• It included a cooked breakfast

On the bad side:

  • It was freezing cold – the doors and windows did not fit properly which let the cold and the noise in
  • The bathroom was so tiny I could barely fit in it
  • The wifi might have been free, but it sucked. I couldn’t access my emails or connect to my VPN and trying to download anything was lost cause.

Judd Hotel

ICE Totally Gaming

Tuesday, February 10th, 2015 | Travel

Earlier this month we visited ICE Totally Gaming to get to know potential customers and suppliers. It was my first trip to the ExCeL centre which is predictably huge.

Many of the stalls were very impressive. One had a slot machine connected up to a Oculus Rift headset and when you won you got taken on a roller coaster ride.

Not surprisingly, there were lots of men in suits and women in far less clothing. I was very proud of the good twenty minutes we spent discussing sexism and objectification of women.Then we had a good stare.

London was as horrible as ever. It took me an hour and a half in a taxi to get there the first morning.

A Tale of Two Cities

Thursday, June 12th, 2014 | Books

If you take a look at Wikipedia’s list of best-selling books of all time, A Tale of Two Cities by Charles Dickens comes right at the top. Of course, it was published over 150 years ago, so who can say where Fifty Shades of Grey will be after a similar time has lapsed…

It also shares a very similar name with the Leeds-based food blog A Tale of Two Sittings. I am not sure whether it is a deliberate reference to the book, or whether the blog pre-dates the novel and Dickens was making a reference to the blog. More research is needed.

Dickens tells the tale of a small cast of characters and their jet-setting lifestyle between London and Paris, both before and during the French Revolution. It takes quite a while to get into. I think I got to about half way through the book, still wondering what it was actually about. Of course it all comes together in the end though to form a beautiful tapestry of interwoven stories that culminate in what is probably a happy ending. Ignoring the tens of thousands that went to the guillotine of course…

A Tale of Two Cities

NFL at Wembley

Tuesday, November 5th, 2013 | Events

At the end of October we went down to Wembley to watch the San Francisco 49ers at the Jacksonville Jaguars.

It was quite worried before going in that the stadium would be so huge I would find it intimidating, but it was actually okay – I found it a lot better than the MEN, despite it holding four or five times as many people. The hot dogs were pretty good. The queues to get into the stadium were annoying.

The game ended 42-10, which was always going to happen given Jacksonville has lost all 8 games this season, and the 49ers went to the Super Bowl last year. It would have been nice if the game had been a little closer, but far more enjoyable than spending all that money to see San Francisco lose.

It moves quite slowly on TV, with them constantly stopping and starting. But that wasn’t the case in the stadium. Between every play there were a band, the cheerleaders doing a dance, scoring from NFL Red Zone or other distractions to keep you entertained. In fact, before I knew what was happening, the game was over!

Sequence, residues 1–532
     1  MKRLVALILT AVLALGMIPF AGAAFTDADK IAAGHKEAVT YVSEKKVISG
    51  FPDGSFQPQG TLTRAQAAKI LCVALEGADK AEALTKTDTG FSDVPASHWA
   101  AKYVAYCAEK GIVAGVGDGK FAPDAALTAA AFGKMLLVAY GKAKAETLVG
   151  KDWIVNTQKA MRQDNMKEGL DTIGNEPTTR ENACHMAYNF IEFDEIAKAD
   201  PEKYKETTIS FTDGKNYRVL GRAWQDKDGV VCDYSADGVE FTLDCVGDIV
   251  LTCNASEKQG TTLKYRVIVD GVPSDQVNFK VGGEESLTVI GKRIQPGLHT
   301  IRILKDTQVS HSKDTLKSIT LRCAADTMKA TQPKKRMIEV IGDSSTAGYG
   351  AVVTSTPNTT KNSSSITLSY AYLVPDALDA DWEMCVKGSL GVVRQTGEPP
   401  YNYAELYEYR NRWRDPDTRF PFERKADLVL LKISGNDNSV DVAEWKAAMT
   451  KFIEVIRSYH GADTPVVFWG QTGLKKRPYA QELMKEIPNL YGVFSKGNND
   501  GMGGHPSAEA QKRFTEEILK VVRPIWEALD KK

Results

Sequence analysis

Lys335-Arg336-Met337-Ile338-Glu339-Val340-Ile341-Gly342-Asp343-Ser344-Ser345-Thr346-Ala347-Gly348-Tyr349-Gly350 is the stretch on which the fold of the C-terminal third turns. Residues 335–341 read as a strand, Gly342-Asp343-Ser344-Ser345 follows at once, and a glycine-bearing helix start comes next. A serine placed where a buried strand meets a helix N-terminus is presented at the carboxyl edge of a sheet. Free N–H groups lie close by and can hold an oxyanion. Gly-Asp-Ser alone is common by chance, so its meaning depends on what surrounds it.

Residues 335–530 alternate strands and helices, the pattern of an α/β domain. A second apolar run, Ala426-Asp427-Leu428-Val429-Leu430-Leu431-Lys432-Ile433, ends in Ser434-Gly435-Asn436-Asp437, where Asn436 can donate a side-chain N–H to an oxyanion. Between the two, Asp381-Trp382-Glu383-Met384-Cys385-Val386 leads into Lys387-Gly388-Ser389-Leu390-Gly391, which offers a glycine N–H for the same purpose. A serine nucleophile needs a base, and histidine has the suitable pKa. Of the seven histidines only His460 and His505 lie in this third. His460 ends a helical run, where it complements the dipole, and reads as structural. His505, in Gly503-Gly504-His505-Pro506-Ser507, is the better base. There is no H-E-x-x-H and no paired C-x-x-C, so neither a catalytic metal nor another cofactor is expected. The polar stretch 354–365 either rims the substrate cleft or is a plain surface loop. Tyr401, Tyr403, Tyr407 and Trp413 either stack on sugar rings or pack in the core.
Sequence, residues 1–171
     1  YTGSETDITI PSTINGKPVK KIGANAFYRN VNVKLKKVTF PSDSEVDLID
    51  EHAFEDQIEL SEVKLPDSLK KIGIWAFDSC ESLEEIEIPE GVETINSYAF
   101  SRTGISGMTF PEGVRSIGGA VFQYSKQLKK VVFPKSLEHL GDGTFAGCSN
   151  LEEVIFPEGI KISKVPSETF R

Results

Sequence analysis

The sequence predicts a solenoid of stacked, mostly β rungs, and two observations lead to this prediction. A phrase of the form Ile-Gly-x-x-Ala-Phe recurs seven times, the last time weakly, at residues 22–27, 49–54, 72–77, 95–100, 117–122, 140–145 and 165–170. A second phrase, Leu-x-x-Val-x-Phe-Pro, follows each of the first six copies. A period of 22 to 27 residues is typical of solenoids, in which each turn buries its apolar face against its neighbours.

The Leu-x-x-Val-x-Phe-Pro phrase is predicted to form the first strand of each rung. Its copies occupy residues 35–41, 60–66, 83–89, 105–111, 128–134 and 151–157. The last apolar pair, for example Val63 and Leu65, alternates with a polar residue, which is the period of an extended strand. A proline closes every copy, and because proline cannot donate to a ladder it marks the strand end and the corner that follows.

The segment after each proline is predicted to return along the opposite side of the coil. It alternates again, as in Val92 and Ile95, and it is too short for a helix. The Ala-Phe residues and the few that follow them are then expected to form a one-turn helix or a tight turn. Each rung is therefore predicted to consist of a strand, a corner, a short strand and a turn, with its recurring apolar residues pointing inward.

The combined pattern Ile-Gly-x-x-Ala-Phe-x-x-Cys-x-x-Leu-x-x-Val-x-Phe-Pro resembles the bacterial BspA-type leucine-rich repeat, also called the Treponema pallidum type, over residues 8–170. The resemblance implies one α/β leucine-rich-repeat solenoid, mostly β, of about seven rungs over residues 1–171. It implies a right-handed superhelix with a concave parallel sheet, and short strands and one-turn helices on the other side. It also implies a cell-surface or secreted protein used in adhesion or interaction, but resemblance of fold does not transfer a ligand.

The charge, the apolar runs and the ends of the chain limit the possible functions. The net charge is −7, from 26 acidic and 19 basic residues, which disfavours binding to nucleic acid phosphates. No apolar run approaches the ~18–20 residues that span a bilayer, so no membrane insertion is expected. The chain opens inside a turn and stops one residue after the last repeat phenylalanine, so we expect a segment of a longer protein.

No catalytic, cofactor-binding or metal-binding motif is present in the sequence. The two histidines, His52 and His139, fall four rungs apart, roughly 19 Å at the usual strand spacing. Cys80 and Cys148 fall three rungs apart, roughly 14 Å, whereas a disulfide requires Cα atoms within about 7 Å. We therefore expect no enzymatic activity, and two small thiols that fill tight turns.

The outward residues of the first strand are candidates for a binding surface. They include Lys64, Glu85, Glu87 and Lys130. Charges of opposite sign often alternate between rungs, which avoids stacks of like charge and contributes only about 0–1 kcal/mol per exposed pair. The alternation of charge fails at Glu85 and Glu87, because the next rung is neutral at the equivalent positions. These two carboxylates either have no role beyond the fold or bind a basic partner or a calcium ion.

Here are some photos, albeit taken on my phone:

IMG_0717 IMG_0718 IMG_0725 IMG_0731

The Jaguars ran onto the field with flags twice. This is from the second time; the first time they spelt it “JAGAURS”.


Also a panorama, click for full size:


Belgrave Hotel, London

Monday, November 4th, 2013 | Reviews

On the Saturday evening we stayed at the Belgrave Hotel in London. Or at least one of them. According to the internet there are two in London with that name, so for clarification it was the one on Belgrave Street.

It was okay for what it was. It had a big TV that I was able to watch the Grand Prix on on the Sunday morning (luckily it was on BBC, as they only had limited Sky Sports like most hotels seem to) and the shower was nice. The room was what you would expect from a London hotel though – pretty tiny. The wifi was unusably slow when I tried it also.

GRAM 2012

Thursday, November 29th, 2012 | Events, Humanism

This year, I attended GRAM – Group Representatives Annual Meetup, first the first time. GRAM is an event organised by the British Humanist Association, that brings together the leaders of affiliated groups to talks, discussions and ideas.

The event was held at the Quaker headquarters on Euston Road, which turned out to be a really nice building. I was expecting it to be someone bare, given Quakers are often minimalistic, but it was actually very well furnished inside.

While a lot of the talks weren’t that interesting, it was certainly inspiring to hear other group leaders talk about what they have been doing in their group – something like what we used to do at the AHS, where each group would deliver a quick update, would have worked really well.

There were also some heated discussions between some of the BHA representatives and some of the local groups, regarding the much tighter restrictions being placed on local groups by the BHA. For example, if you try to search for your local humanist group, some groups are now excluded from the map.

Overall, it was reasonably useful. It’s somewhat different to how I imagined, and how we run things like Sunrise Conference, but was useful for catching up with the latest developments on a national level.